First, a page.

For No One - The Beatles

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"For No One" - The Beatles (1966)

“For No One” was classically-inspired with a “pinch of Burt Bacharach.”

McCartney recollects:

“Occasionally we’d have an idea for some new kind of instrumentation, particularly for solos... On For No One I was interested in the French horn, because it was an instrument I’d always loved from when I was a kid.”

In addition to the brooding, haunting melody, “For No One” is the first song where McCartney demonstrates his brilliance as a musical arranger. He maintains the sustaining rhythm- first with a chlavichord which was overdubbed onto his piano rhythm track and then with a French horn solo by Alan Civil of the London Philharmonic Orchestra.

Addressing us in the second person as if he were talking about the end of a love affair, the song is one of McCartney’s most perfect compositions, constructed with its author’s customary logic and moving methodically through its classical steps like a champion chess player.

Other than Paul, only Ringo played on the song. As reliable as ever, Ringo laid down the percussion tracks with the subtlety and finesse of an orchestral percussionist. He keeps simple time by strictly answering the bass line in the piano or the bass guitar by subdividing the beat.

The vocals sung by McCartney form a uniquely Beatlesque thematic harmony which floats over the whole of the foundation. It is true ballad writing. The style and the melody sound so distinct as if it was penned by Beethoven, Bach or Mozart. Classical, but with a modern sound.

Musicologist Naftali Wagner wrote:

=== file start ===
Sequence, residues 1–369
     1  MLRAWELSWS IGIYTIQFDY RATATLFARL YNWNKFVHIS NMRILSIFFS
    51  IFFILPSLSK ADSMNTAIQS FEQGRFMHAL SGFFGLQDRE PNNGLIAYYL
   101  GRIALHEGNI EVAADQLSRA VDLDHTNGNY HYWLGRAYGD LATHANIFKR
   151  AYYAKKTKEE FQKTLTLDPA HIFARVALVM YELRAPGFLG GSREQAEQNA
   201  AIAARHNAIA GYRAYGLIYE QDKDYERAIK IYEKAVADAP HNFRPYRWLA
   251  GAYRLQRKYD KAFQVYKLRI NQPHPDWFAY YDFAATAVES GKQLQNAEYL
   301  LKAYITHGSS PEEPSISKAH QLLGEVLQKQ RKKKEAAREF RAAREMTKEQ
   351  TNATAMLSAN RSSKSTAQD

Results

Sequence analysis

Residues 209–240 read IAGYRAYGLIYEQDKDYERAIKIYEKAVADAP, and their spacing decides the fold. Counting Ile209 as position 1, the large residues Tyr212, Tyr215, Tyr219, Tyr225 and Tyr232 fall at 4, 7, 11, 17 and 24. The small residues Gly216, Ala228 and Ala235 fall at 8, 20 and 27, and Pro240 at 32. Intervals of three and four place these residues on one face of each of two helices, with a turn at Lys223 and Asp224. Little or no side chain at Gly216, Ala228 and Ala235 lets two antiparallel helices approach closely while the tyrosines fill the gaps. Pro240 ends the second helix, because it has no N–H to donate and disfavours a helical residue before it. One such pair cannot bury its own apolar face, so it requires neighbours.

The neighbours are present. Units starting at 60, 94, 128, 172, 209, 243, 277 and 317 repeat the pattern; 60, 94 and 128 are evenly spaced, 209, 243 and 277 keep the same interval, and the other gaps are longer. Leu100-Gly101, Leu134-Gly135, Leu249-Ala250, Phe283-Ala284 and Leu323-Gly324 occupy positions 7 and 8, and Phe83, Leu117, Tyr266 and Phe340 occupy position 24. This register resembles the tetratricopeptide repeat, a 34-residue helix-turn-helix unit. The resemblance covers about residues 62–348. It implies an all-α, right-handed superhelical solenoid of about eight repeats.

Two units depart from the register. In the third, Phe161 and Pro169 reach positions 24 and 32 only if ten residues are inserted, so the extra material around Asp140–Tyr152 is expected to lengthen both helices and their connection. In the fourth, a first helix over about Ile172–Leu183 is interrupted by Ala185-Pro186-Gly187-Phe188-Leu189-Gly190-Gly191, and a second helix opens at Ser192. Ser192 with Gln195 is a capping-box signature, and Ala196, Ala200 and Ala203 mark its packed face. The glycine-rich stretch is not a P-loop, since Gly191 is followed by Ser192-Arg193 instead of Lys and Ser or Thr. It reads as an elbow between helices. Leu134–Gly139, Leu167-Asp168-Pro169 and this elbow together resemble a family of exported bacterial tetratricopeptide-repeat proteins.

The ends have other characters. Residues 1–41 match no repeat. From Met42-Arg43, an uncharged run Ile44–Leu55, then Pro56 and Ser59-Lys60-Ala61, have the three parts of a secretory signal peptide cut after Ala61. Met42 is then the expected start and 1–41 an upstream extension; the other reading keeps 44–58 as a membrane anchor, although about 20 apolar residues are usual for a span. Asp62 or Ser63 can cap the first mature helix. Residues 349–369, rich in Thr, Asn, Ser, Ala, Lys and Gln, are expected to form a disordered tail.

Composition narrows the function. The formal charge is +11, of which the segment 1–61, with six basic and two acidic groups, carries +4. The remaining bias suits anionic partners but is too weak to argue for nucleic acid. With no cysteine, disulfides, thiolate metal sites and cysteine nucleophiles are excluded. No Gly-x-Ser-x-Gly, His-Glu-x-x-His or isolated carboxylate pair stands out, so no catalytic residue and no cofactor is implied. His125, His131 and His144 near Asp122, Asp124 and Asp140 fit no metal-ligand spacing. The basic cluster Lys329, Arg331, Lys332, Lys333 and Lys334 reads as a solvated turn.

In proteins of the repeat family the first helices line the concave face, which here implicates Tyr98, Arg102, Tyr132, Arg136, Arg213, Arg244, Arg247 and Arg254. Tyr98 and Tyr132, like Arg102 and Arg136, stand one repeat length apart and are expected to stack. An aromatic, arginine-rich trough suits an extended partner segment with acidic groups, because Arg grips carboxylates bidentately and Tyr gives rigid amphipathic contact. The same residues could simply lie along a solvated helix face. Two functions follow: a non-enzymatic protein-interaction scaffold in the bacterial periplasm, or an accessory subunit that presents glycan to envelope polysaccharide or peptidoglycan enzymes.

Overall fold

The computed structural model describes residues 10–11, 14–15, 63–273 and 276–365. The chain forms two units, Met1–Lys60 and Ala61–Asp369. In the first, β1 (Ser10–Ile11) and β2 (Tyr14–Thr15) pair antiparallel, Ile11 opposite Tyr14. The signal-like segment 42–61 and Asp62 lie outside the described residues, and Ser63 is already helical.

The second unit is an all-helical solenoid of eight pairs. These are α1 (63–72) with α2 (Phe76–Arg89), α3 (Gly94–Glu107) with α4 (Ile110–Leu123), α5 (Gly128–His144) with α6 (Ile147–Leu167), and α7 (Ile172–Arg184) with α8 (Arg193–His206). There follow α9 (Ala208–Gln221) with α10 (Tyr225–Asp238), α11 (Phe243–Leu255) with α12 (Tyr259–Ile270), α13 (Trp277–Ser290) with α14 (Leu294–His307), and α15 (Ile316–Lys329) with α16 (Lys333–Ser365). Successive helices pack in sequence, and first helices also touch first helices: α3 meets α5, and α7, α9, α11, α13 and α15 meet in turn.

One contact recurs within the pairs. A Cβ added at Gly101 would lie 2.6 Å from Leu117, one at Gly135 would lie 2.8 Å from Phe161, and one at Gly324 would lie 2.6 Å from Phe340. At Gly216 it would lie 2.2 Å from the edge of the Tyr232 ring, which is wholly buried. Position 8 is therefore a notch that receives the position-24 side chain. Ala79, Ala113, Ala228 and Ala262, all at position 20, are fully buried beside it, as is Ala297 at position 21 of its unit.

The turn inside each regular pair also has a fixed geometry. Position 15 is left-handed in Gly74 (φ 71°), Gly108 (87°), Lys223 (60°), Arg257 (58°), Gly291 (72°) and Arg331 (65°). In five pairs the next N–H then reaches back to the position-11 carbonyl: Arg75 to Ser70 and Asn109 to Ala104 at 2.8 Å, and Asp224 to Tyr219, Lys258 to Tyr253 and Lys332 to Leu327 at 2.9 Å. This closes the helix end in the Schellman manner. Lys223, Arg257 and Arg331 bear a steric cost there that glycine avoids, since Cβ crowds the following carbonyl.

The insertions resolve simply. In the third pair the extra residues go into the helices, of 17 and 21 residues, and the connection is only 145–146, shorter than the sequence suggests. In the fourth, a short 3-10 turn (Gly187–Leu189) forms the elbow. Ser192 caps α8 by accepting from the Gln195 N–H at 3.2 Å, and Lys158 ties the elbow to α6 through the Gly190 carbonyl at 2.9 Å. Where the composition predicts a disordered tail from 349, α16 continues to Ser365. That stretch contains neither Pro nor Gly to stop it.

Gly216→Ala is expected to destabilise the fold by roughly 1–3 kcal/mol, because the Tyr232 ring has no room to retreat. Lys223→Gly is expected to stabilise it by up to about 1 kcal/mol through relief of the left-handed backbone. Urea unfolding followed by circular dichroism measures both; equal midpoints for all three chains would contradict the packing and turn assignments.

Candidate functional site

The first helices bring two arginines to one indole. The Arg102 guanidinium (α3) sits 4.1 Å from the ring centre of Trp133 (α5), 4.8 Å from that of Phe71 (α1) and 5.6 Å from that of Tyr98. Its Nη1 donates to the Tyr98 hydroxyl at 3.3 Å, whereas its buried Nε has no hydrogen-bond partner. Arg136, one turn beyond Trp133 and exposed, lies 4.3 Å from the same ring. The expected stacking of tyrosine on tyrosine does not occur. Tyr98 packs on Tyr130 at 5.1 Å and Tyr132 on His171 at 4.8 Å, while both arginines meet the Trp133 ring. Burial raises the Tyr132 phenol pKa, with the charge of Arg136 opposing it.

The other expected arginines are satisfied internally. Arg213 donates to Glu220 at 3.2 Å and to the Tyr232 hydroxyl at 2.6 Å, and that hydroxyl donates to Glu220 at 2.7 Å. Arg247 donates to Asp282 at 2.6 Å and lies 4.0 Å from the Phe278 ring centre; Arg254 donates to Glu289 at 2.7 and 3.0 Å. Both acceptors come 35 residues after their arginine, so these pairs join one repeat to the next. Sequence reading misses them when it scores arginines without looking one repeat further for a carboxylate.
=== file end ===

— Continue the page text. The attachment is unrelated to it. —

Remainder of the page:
“The limited selection of notes in the melody of the verse corresponds to the natural selection of notes of brass instruments and thus demands the inclusion of such an instrument. Unlike string instruments, for example, brass instruments are not good at ‘emotional’ expression and therefore they are consistent with the distance character of the verse. The frequent use of the second person in place of the first person (Your day breaks, you mind aches) produces more of a sense of distance than of empathy.

The narrator is giving guidance to someone and speaks of how it feels to be rejected. He cautions against thinking that his girlfriend needs him when she is moving on. The question is why she is “crying for no one.” She says that long ago she knew someone but now he’s gone. The person she loved is not the man she thought he was.

The narrator is saying- with good reason- that no matter how much you can want someone to miss you and be in pain after it’s over, sometimes they know it’s for the best, and there is no pain. There are no regrets. “No sign of love behind the tears” signifies that it’s supposed to be this way.

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